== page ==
Hate incidents motivated by anti-Asian bigotry increased 1,800%, according to 2020 Hate Crime Report, which was released on Friday, Sept. 17, by the Orange County Human Relations Commission.
The county report did not provide a city-by-city breakdown of hate crimes or hate incidents.
Four 2020 Seal Beach hate-related events were omitted from the State of California hate crime report that was issued in June. However, they were omitted from the state government’s report on hate crimes that was issued earlier this year.
The OC Human Relations Commission defines hate crimes and hate incidents as different things. “In California, a hate crime is defined by the Attorney General as a criminal act committed, in whole or in part, because of one or more of the following actual or perceived characteristics of the victim: disability, gender, nationality, race or ethnicity, religion, sexual orientation, or association with a person or group of persons with one or more of the preceding actual or perceived characteristics,” according to the Hate Crime Report.
“A hate incident is a behavior motivated by hate or bias toward a person’s actual or perceived disability, gender identity, nationality, race or ethnicity, religion, or sexual orientation but is not criminal in nature. Typically, these behaviors are protected by the First Amendment right to freedom of expression,” according to the report.
“The OC Human Relations Commission receives reports from law enforcement, school districts, colleges, universities, community-based organizations, and individuals,” according to the report.
“Duplicates are eliminated, and reports are verified to meet the criteria of the legal definition of hate crime in the California penal code,” according to the report.
“In 2020 alone, there was an alarming rise in hate incidents. There was a 69% increase in the total number of hate incidents reported in 2020,” according to the report.
“Of the 263 reported cases, there was a 114% increase in anti-Semitic hate incidents, an1800% increase motivated by anti-Asian hate, and a 23% increase motivated by anti-Black hate,” according to the report.
“In 2020, the OCDA received 30 such cases for consideration and filed charges for 18 of them,” according to the Orange County District Attorney’s Office Summary of hate crimes. (It’s on page 12 of the OC Hate Crime Report.)
“In 2020, hate incidents in Orange County more than doubled from 2019. Of the 263 reported hate incidents reported, 76 cases were related to anti-Asian discrimination, a ten-fold increase from last year. Anti-Semitism also saw a significant rise with 94 hate incidents reported compared to 44 in 2019.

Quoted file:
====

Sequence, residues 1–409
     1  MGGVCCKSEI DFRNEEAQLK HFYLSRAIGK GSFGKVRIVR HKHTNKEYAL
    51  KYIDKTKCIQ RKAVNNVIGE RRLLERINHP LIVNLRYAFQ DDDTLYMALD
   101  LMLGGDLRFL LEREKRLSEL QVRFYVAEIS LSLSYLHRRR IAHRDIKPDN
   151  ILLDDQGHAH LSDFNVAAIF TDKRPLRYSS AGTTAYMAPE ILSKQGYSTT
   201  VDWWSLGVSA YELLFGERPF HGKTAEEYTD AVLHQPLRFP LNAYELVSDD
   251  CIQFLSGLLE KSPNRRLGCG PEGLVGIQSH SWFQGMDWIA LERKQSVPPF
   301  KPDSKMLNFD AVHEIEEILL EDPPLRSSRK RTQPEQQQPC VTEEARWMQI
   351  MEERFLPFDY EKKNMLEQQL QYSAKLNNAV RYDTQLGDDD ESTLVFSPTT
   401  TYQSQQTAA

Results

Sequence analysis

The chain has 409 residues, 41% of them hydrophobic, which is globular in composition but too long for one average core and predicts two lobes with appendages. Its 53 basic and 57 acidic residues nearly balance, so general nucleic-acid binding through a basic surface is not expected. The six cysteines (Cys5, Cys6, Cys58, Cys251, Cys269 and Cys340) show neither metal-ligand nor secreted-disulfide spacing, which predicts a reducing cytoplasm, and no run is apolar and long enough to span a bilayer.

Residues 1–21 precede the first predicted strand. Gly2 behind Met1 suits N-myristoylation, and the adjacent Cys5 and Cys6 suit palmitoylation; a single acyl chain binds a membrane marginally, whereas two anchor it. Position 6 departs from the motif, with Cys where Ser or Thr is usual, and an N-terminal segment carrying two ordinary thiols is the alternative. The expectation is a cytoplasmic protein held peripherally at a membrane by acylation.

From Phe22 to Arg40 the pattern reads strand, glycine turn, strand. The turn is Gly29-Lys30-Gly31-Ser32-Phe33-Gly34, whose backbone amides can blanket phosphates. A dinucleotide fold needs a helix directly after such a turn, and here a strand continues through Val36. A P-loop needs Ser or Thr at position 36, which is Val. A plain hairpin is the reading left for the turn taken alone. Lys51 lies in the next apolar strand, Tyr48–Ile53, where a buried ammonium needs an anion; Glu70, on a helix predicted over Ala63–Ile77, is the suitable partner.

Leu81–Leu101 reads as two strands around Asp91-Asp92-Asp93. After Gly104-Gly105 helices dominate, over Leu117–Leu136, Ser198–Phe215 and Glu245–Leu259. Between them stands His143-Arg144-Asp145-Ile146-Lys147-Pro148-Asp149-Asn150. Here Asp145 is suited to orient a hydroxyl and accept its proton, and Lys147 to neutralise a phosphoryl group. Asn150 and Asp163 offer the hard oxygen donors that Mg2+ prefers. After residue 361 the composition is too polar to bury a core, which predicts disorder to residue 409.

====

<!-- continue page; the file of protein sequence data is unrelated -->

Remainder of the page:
“The 2020 Hate Crimes Report reflects an increase in both hate incidents and crimes from 2019 in Orange County, with the most frequently reported hate crime being motivated by the person’s race, ethnicity, and/or national origin, followed by religious intolerance and anti-LGBTQ,” according to a statement issued by OC Community Resources.
The California 2020 Hate Crime Report, which was released in June 2021, included a table of hate crimes by county and by the jurisdiction within each county.
The city of Seal Beach does not appear in the table under Orange County, located on page 16 of “Hate Crime in California 2020.”
A 2020 case of harassment against a Seal Beach couple that appeared to be racially motivated was prosecuted in juvenile court, which is closed to the public.
“I looked into the case you are referring to and noted that it should have been reported as a hate crime (due to the requested charge of CPC 422.6),” wrote Seal Beach Police Lt. Julia Clasby in a Tuesday, Sept. 21 email.
“It appears there was a clerical error in the way that hate crimes are input in the CAD/RMS report module which caused it not to be captured when the management analyst was collecting the data,” Clasby wrote.
“Thank you for bringing it to our attention as the error has now been corrected going forward. We discovered that there were four hate incidents during 2020 that were not captured in the DOJ collection. DOJ is aware of the issue; however 2020 stats can no longer be added to their 2020 report,” Clasby wrote.
“In response to your second question, per the court liaison, the case is still with juvenile court,” Clasby wrote.
The are strict limits on information about juvenile cases that may be released to law enforcement agencies, let alone the news media.
“The only information that was shared with me is that SBPD did request the charge of CPC 422.6,” Clasby wrote.
Earlier this year, in response to an anti-Asian hate letter sent to a Leisure World resident, the Seal Beach Police Department launched a hate crime reporting portal. (The address is https://www.sealbeachca.gov/Departments/Police/Report-a-Hate-Crime/.) As of Sept. 14, Seal Beach Police Lt. Nick Nicholas said there were no updates that case.